Sunday, May 19, 2013

The Notorious Phd "Activists Curriculum!" Take That Common CORE!!!

One of these days, I am going to write an "Activists Curriculum" which will show how students can learn more organizing protests than they can sitting at a desk in school trying to memorize material.

Writing Skills Component

A. Drafting Leaflets
B. Writing Petitions
C. Developing Press Releases
D. Producing Position Papers for Legislative Hearings

Public Speaking Component

A. Speaking at Rallies
B. Testifying at Hearings
C. Answering Questions At Press Conferences
D. Giving Lectures to School And Community Groups
E. Holding Small Group Seminars That Develop Positions on Issues

Research Component

A. Reviewing Legislation that Reflects on the Issues you are Organizing Around
B. Looking up Arguments on Various Sides of the Issues You Address
C. Reading books and Articles Which Help You Understand the Issues in More Depth

Social Media Component

A. Create A Facebook Page for your Movement
B. Develop Your Own Blog
C. Use Twitter to Communicate With People in Your Movement

Physical Education Component

A. Marching Through the Streets In Support of the Issues You Are Fighting For
B. Climbing Up the Steps of State Houses and City Halls to Speak to Officials
C. (Optional) Running Away from Police When they Try to Break Up Your Protest!

I guarantee you learn more from this Curriculum than studying for any test!!!

1 comment:

Working Mom said...

Excellent Post!

I know about this, first hand, from my junior year in high school, when I organized the one and only anti-Vietnam protest in that school's history.

But you should have also included the mathematics component and the entrepreneurial/fundraising component!

I raised money by going around to all of the stores that sold things to teens---records, clothes, and the then-emerging "head shops". The money went to buy a quarter page ad in the local paper, print flyers, circulate petitions, and much more; all costing money and all needing to be tracked and accounted for.

In fact, it was a young "hip" teacher who inspired me to do this. He suggested I read a few books on subjects ranging from Vietnam history, the McCarthy period, and the Poetry of Rock Music, to one he let me borrow from his own bookshelves, consisting of inspirational quotes from famous political and literary figures through the ages.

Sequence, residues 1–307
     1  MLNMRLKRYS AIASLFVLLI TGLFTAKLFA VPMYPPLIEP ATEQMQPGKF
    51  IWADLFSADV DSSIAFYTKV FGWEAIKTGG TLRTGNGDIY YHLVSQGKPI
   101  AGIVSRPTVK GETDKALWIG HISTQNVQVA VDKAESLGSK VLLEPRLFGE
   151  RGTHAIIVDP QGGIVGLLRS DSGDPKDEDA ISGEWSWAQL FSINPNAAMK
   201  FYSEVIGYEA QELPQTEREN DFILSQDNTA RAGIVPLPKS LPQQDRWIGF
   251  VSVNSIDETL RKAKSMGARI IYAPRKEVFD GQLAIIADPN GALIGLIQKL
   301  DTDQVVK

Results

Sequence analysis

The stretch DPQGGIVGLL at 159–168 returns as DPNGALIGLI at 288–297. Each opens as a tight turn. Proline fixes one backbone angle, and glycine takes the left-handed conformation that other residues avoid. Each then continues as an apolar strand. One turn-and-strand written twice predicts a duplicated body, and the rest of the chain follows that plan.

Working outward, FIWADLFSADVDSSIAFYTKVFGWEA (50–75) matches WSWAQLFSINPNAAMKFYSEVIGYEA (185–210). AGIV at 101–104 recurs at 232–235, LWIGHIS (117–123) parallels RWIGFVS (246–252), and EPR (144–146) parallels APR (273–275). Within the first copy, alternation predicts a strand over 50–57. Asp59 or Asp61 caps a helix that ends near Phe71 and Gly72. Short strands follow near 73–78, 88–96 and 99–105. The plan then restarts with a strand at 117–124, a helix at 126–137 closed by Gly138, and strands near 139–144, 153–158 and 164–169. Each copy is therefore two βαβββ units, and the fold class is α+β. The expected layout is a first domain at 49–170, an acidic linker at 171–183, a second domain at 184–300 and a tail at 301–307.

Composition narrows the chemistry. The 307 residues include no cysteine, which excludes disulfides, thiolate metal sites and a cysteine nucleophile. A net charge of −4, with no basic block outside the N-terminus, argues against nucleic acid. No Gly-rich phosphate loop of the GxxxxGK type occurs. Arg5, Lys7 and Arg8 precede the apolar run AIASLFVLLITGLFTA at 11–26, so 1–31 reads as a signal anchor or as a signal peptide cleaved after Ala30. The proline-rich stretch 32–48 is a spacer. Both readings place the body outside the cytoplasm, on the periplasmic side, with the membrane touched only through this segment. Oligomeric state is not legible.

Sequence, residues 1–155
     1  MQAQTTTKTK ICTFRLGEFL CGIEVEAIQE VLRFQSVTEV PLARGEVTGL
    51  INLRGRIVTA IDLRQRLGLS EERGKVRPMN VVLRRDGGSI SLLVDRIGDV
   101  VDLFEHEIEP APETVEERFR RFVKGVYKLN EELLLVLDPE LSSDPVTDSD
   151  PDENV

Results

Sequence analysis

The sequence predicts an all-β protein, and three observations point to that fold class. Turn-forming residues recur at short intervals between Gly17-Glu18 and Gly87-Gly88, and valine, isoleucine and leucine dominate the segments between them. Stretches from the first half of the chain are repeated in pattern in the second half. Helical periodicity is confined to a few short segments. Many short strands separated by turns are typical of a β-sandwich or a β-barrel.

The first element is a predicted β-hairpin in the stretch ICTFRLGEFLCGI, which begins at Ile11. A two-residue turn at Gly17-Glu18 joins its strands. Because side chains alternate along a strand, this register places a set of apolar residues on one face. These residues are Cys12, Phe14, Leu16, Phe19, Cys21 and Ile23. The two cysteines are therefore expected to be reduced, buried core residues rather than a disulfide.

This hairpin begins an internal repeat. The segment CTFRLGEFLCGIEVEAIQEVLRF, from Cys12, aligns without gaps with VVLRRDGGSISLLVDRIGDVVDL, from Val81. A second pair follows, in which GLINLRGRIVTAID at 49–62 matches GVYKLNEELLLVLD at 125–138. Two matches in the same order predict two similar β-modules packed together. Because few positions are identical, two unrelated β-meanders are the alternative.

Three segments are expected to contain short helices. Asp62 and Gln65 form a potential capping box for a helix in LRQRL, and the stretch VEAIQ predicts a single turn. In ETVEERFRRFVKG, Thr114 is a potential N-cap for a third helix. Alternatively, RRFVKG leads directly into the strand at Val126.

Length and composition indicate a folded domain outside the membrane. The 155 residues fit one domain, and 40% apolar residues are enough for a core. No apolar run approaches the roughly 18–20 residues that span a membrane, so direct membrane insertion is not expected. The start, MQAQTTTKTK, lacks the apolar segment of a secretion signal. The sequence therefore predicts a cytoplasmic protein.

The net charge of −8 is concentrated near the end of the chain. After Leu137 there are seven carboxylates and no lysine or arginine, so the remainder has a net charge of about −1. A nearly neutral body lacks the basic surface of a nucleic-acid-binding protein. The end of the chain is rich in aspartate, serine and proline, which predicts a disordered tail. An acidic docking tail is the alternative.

When I asked why he wanted me to read all of this, he replied, "Look, I can't do any of this for you. YOU and whatever fellow students you can bring along with you will have to do this if it's going to happen. I'll act as an advisor and if you need an "adult" to talk to certain people---like the mayor---I can do that too. But you're going to have to first, learn what this issue is about. You can't just say, 'Well, I hate war and I want it to end.' These books will give you the history, the context, the perspective you don't yet have. So, go get to work."

Before I left, I asked him what this book of quotes---mainly from people I had never heard from---was all about. I didn't understand why IT was included on this list of historical and political texts.

He said, "Oh that. That's for inspiration. To keep your spirits up. Believe me when I say you're going to need it to keep going and not give up."

He died about a year ago from prostate cancer, in his late sixties. He will go down in my memory as one of the most inspiring, caring and life-changing educators I was fortunate enough to know.

And yes, that was the toughest "course" I ever took. But I learned a lot that spring and went on to a career in event management and technology marketing. Now, I feel as though I've gone full circle, using those skills I developed while part of Corporate America, to promote the news about the attack upon our public education system, and how we parents and students are the only ones who can prevent it.

RIP, Mr. R. I'll always remember you, thank you and love you.